Well, maybe not EVERYTHING but, it sure does appear like we have a problem with …
Is it just me, or are you a bit worried about how prominent of a role the reported Fake News played in the most recent American presidential election? These days, most people get their news (world and local) from their preferred social media platform. It isn’t that posting fake articles for more clicks was a new strategy for (shady) businesses or political parties, it’s how damn prominent the actual problem is and that its finally being exposed. Unfortunately, we are now seeing what the real world consequences are for letting this problem fester online (i.e. a billionaire business man with tonnes of conflict of interest implications being elected the next president of the most powerful country in the world).
Social media companies are not just tech companies. They are major media companies. It is important for the big players like Facebook and Google to acknowledge this and work diligently to fix the fake news problem, as best they can. They need to find a balance between advertising profits and informing the masses of what is real. I understand the latter is subjective but there must be a way to filter these fake news articles from showing up so often, if at all.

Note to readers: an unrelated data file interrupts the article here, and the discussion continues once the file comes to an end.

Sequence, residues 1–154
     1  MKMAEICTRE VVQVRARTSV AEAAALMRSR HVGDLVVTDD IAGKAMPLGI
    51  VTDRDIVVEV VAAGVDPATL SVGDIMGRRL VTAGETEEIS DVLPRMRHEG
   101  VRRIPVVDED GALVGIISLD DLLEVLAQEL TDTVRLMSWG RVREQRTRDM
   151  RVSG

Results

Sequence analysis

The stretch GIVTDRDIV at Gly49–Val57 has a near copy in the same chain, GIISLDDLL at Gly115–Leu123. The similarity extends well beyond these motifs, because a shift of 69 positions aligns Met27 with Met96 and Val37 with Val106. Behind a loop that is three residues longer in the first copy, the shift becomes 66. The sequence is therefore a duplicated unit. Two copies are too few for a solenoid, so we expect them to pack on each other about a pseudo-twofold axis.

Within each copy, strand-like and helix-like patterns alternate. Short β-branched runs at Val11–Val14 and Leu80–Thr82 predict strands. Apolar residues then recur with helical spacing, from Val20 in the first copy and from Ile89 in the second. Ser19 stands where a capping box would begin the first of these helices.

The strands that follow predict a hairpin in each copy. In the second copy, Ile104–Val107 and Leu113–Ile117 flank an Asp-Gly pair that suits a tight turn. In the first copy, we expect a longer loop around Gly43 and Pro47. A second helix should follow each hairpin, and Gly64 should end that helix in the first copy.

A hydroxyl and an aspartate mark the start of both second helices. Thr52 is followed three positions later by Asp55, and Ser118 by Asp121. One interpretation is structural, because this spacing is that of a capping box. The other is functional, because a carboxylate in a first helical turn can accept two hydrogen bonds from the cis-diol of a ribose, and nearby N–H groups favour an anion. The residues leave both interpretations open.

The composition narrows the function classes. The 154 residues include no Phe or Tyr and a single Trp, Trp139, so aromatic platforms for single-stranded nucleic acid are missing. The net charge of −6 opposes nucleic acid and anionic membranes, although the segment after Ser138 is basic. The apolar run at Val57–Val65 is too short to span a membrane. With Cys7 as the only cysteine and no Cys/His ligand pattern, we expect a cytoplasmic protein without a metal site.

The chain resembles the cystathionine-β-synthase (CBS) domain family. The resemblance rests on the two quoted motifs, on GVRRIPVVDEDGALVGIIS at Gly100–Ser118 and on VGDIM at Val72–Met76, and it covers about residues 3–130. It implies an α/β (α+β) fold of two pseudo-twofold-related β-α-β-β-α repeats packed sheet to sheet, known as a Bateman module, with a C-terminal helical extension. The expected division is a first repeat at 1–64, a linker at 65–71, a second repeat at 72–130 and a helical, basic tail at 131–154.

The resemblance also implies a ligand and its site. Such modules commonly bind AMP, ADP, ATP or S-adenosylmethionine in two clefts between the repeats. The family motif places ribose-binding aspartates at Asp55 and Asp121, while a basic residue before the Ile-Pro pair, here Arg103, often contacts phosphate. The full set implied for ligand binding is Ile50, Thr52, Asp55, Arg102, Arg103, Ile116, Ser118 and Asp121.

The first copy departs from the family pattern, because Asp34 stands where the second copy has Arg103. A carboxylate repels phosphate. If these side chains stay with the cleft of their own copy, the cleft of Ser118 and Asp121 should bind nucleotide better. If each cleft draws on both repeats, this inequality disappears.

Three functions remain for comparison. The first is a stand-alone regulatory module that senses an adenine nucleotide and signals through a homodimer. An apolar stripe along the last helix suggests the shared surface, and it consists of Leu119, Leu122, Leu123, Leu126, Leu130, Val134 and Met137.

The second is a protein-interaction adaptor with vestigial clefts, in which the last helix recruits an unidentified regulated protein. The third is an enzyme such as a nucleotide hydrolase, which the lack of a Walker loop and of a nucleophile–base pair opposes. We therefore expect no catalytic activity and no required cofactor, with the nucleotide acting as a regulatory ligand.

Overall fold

One of the problems with social media is that you can say just about anything you want, with no real-world consequences. It can be done through a fake online persona. This is tied closely to #FakeNews but people creating fake personas online feels a bit more real or personal.
It is one thing to read a headline of a blatantly fake news article and laugh it off but, it is another thing to have internet trolls with fake accounts spreading false (negative) news about you personally, or about your company.
I am certainly not in a position to provide a solution to these problems but, if something doesn’t change soon, people will start to look to other places for credible news sources. This could force big platforms like Facebook to take action quicker on their advertising policies than they would like. It would be very sad if we let this get to a point where it becomes difficult to discern what is real and what is fake. Perhaps the eventual solution will be a whole new breed of social media that hasn’t even been invented yet.
Or maybe we just need to accept the fact that we are now, really living in The Age of Post Truth Politics that the New York Times spoke about in August, 2016.